BME100 f2014:Group11 L6

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Owwnotebook icon.png BME 100 Fall 2014 Home
Lab Write-Up 1 | Lab Write-Up 2 | Lab Write-Up 3
Lab Write-Up 4 | Lab Write-Up 5 | Lab Write-Up 6
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Name: Aliya Yano
Name: Breanna Corrigan
Name: Julian Lopez
Name: Carlos Cabanes
Name: Mohammed Almaimani


Bayesian Statistics



Calculation one describes the sensitivity to detect disease SNP.
Calculation two describes the specificity to detect the disease SNP.
Calculation three describes the sensitivity to predict the disease.
Calculation four describes the specificity to predict the disease.

Overview of the Original Diagnosis System
The BME 100 class tested patients for disease-associated SNP by assigning 34 different teams of 5-6 students 2 patient samples to test. That results in 68 total patients being tested. Within the groups, many things were done to prevent error. Each group was given three samples for each of their patients and had controls to compare the PCR results to. The use of ImageJ was first used on calibration samples in order to determine a baseline and get the best results. When actually testing the patient PCR samples three pictures of each individual PCR sample were supposed to be taken and analyzed in ImageJ. Out of the 68 patients sampled, 6 had no test results given, and 8 results were inconclusive. Out of those remaining, 30 tested positive and 24 negative.

What Bayes Statistics Imply about This Diagnostic Approach

Calculations 1 and 2 help describe the sensitivity and specificity of the test to be able to detect the disease. The first calculation shows whether the patient will be diagnosed as positive if the PCR test was positive. The result was relatively close to 100% which suggest that if the patient tested positive, they have the disease. In comparison, calculation 2 determines if the patient will be diagnosed as negative if the PCR test was negative. This too was near 100% and shows that if the test results negative, the patient likely does not have the disease.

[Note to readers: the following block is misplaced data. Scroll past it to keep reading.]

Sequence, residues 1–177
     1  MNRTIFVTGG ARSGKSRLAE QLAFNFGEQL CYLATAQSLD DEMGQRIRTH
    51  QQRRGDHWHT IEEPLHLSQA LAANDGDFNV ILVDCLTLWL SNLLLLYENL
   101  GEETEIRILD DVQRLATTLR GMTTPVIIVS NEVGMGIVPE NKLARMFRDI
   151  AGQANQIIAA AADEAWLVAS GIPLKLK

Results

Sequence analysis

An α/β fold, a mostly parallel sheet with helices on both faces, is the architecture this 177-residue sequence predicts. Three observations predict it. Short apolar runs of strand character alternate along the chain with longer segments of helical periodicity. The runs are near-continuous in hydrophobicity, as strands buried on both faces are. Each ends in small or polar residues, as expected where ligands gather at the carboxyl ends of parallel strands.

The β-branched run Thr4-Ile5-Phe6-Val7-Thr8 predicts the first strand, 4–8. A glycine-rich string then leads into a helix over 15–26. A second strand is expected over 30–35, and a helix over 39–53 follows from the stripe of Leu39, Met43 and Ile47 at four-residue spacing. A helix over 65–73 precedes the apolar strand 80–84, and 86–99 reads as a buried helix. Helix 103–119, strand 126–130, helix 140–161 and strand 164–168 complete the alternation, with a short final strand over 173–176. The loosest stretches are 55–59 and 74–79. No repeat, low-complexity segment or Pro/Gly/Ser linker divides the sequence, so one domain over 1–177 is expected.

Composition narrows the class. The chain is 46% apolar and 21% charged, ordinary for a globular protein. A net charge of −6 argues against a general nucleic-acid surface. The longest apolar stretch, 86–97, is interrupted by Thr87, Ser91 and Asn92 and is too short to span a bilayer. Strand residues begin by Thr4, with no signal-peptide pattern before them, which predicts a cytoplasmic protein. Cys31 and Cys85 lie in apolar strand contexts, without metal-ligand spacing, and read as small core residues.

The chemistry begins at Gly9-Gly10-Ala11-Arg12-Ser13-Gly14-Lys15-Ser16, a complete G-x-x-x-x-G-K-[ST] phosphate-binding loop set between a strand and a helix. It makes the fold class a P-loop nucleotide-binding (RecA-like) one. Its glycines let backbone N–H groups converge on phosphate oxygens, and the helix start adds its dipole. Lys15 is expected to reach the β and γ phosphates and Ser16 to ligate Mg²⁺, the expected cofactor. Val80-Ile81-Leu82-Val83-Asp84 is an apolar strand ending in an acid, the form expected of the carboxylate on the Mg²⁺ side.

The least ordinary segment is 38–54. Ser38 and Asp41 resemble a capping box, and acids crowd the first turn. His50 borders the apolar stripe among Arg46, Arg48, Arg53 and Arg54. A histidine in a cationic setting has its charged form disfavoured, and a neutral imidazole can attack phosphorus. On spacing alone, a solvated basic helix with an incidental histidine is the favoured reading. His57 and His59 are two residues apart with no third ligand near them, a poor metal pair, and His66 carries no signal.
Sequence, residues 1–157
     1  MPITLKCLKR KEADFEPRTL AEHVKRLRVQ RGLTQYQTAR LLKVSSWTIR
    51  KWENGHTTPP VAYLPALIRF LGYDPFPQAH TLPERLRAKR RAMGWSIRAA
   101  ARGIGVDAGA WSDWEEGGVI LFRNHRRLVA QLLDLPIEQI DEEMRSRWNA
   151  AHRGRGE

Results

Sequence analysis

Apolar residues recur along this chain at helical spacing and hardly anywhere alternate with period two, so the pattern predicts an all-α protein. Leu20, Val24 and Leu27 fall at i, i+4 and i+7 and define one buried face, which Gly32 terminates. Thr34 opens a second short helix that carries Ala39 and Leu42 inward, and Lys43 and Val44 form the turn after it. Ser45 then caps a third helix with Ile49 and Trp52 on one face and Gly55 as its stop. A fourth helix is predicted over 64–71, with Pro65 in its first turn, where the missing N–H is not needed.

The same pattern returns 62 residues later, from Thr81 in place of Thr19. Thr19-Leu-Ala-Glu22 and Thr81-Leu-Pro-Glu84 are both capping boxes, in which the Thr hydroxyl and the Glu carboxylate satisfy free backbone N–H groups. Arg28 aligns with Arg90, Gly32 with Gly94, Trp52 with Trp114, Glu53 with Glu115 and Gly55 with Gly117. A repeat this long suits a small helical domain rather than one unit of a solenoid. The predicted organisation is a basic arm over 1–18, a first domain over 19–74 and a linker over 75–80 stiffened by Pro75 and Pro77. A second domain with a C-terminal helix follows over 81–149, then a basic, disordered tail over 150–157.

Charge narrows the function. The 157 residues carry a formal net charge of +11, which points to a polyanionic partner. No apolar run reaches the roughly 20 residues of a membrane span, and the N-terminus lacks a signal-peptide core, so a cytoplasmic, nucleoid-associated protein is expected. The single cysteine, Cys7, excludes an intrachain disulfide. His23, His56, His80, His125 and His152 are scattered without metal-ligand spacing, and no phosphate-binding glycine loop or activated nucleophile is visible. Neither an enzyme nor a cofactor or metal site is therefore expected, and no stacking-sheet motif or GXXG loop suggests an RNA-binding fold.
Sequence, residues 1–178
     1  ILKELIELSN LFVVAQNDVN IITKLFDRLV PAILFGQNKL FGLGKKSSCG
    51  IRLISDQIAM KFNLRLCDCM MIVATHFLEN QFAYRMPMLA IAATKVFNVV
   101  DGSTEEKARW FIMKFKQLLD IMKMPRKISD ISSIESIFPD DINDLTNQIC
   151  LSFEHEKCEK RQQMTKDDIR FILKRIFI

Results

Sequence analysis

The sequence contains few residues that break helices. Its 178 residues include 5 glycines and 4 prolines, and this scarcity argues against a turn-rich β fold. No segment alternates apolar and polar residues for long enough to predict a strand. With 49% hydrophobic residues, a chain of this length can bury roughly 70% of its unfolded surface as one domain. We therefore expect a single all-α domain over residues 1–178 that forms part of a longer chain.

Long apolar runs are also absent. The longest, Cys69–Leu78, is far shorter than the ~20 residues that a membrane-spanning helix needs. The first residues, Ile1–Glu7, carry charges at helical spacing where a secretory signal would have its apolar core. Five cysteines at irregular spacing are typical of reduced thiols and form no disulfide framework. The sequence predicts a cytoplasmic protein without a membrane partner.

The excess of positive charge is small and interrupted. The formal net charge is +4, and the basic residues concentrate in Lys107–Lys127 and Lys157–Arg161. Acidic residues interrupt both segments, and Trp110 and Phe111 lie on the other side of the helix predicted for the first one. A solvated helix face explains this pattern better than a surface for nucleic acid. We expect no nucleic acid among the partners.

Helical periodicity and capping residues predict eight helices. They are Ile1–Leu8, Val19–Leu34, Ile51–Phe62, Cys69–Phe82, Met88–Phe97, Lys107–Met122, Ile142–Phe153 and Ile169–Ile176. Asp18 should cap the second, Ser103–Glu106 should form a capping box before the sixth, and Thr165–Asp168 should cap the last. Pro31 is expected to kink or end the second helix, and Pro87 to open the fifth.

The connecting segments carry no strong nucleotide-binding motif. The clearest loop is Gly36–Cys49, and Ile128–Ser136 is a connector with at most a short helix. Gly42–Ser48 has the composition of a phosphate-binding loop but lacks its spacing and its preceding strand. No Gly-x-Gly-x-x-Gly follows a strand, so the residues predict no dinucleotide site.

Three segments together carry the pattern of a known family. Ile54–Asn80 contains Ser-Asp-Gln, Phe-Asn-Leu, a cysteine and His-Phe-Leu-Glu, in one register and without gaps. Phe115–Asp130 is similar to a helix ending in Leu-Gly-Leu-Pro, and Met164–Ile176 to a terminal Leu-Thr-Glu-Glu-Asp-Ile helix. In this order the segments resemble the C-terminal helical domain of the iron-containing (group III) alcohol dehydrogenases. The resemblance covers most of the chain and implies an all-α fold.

Calculations 3 and 4 deal with the sensitivity and specificity of the test to predict the disease. Calculation 3 gives the probability that a patient will have a positive diagnosis for the disease if given a positive conclusion. The result was far from 100%. Calculation 4 gives the probability that the patient will not get the disease if given a negative result. This value was also far from 100%

Computer-Aided Design

TinkerCAD is a system very similar to Solidworks, which we used in BME 182. Using a template provided we simply used this program to create the PCR machine pieces put them together. The following are picture of the PCR machine we made from the template. calibration
Our Design


Our design change was simple: we increased the area that could hold samples to be tested. This would allow more samples to be tested at once and reduce the number of machines needed in the lab.

Feature 1: Consumables Kit

The consumables were relatively well packaged and therefor will be packaged similarly in our kit. However, there was one weakness we would address: all the samples could be contaminated easily as they were open to the air and had no protection from random particles that could float down into them. To remedy this,the sample containers could be made with a sort of plastic covering on the top of the tube. It would not be a cap, which they already have, but more like the thin plastic squeezable ketchup bottles have. This could keep contaminates from floating down into the samples.

Feature 2: Hardware - PCR Machine & Fluorimeter

The PCR machine and flourimeter worked well for the most part and would be used in basically the same fashion. They were both small, portable and inexpensive which are bonuses. But we would change a couple of things. First we would increase the amount of samples the PCR machine could test at once by increasing the sample space area. This would reduce the amount of PCR machines needed and hopefully make the testing go faster. And secondly, we would make the flourimeter out of more sturdy material as it was rather flimsy.